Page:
What is the ARPA?
ARPA, or “average revenue per account”, quantifies a SaaS or subscription-based company’s average monthly recurring revenue (MRR) per account and is most often segmented into distinct cohorts (groups) of customers.
How to Calculate ARPA
ARPA, short for “average revenue per account,” refers to the subscription or contractually recurring revenue generated per account.
Like most SaaS KPIs, ARPA is one method for companies to develop a better sense of their customer base and how their spending reacts to specific changes.
Usually, ARPA is expressed on a monthly or annual basis and is calculated by dividing a company’s monthly recurring revenue (MRR) by the total number of active accounts.
The formula to calculate average revenue per account is as follows.
The monthly recurring revenue (MRR) can also be replaced with annual recurring revenue (ARR), i.e. the MRR is converted into an annualized metric.
The period chosen (i.e. monthly vs. annual) should depend on how the subscription businesses being assessed operate (monthly vs. longer-term contracts) and the purpose of the analysis (i.e. customer cohort analysis, long-term revenue forecasting).
In practice, the primary use case for calculating the ARPA is comparing cohorts of accounts, which can be categorized by customer type, the month onboarded, and various other factors.
High-growth SaaS companies frequently implement changes to maintain growth (and increase expansion revenue), so tracking ARPA in segments can bring attention to growth or contraction MRR.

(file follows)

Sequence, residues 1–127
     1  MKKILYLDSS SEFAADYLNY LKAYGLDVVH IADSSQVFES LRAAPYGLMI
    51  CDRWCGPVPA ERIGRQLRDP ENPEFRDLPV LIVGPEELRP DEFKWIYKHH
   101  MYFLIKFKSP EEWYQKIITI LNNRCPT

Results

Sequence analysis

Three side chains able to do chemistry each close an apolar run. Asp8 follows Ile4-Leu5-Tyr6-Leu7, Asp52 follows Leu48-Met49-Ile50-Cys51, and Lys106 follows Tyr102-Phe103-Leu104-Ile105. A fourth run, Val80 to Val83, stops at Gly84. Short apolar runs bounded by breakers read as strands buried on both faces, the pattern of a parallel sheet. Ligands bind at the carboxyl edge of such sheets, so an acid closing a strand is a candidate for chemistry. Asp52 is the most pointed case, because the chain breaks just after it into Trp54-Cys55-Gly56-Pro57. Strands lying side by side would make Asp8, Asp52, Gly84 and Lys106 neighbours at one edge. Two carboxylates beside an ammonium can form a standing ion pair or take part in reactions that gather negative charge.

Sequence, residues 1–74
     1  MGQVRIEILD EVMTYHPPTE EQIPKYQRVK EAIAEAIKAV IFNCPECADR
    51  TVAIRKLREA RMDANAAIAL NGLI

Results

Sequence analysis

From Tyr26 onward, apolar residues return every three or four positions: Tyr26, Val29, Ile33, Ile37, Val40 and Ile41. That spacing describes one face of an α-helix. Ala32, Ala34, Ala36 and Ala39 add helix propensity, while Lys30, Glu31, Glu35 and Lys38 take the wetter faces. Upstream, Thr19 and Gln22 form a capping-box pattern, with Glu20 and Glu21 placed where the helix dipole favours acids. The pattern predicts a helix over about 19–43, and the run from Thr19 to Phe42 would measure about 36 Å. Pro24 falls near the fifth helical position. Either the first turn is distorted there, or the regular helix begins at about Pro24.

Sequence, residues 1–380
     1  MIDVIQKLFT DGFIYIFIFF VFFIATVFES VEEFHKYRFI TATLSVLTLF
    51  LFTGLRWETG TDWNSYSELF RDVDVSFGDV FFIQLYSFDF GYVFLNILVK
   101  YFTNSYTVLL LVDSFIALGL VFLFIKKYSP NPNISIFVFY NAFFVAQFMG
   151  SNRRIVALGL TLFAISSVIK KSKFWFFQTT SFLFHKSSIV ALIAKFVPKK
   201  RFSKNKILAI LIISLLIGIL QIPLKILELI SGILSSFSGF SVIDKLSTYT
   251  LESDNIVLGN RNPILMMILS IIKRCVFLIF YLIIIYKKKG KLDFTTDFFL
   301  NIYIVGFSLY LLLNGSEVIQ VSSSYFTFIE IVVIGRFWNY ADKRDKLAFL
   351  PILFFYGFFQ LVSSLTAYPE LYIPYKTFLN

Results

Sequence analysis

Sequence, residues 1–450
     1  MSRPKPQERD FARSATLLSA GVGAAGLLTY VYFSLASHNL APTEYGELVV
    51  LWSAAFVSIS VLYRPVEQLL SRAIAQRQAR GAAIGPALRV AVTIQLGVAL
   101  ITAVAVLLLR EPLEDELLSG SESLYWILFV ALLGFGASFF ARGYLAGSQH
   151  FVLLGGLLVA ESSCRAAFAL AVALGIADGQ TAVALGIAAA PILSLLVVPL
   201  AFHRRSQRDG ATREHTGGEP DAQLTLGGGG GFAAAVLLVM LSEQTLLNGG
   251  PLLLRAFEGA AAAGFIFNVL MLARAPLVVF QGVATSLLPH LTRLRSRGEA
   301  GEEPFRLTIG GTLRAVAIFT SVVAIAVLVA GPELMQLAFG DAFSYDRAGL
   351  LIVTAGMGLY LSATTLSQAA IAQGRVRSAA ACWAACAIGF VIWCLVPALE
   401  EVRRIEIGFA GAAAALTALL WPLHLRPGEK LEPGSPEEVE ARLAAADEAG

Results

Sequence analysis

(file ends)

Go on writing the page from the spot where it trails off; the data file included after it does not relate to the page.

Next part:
Note that customers who were offered a free trial must be excluded from the calculation – otherwise, ARPA will be unnecessarily weighed down by a freemium strategy.
ARPA vs. ARPU: What is the Difference?
Often, ARPA is used interchangeably with average revenue per account (ARPU).
While the distinction is usually negligible, the distinction can be quite significant in certain cases as a single customer can be the owner of multiple accounts (i.e. per-user or per-seat pricing plans).
Having one customer owning multiple accounts is most common for B2B companies (i.e. a company purchasing licenses for multiple employees).
Since averaging the total revenue brought in can be overly simplistic – as in the case of ARPU – SaaS companies can opt to segment them into two categories.
- New ARPA
- Existing ARPA
By doing so, a company can better understand the behavior of its customers and make appropriate adjustments to its business model, e.g. setting the pricing appropriately, targeting the right customers, and identifying common causes of customer churn.
The issue with the ARPU metric for SaaS companies is that an outlier – an account in which revenue is highly concentrated – can skew the average and potentially conceal a decrease in revenue per account.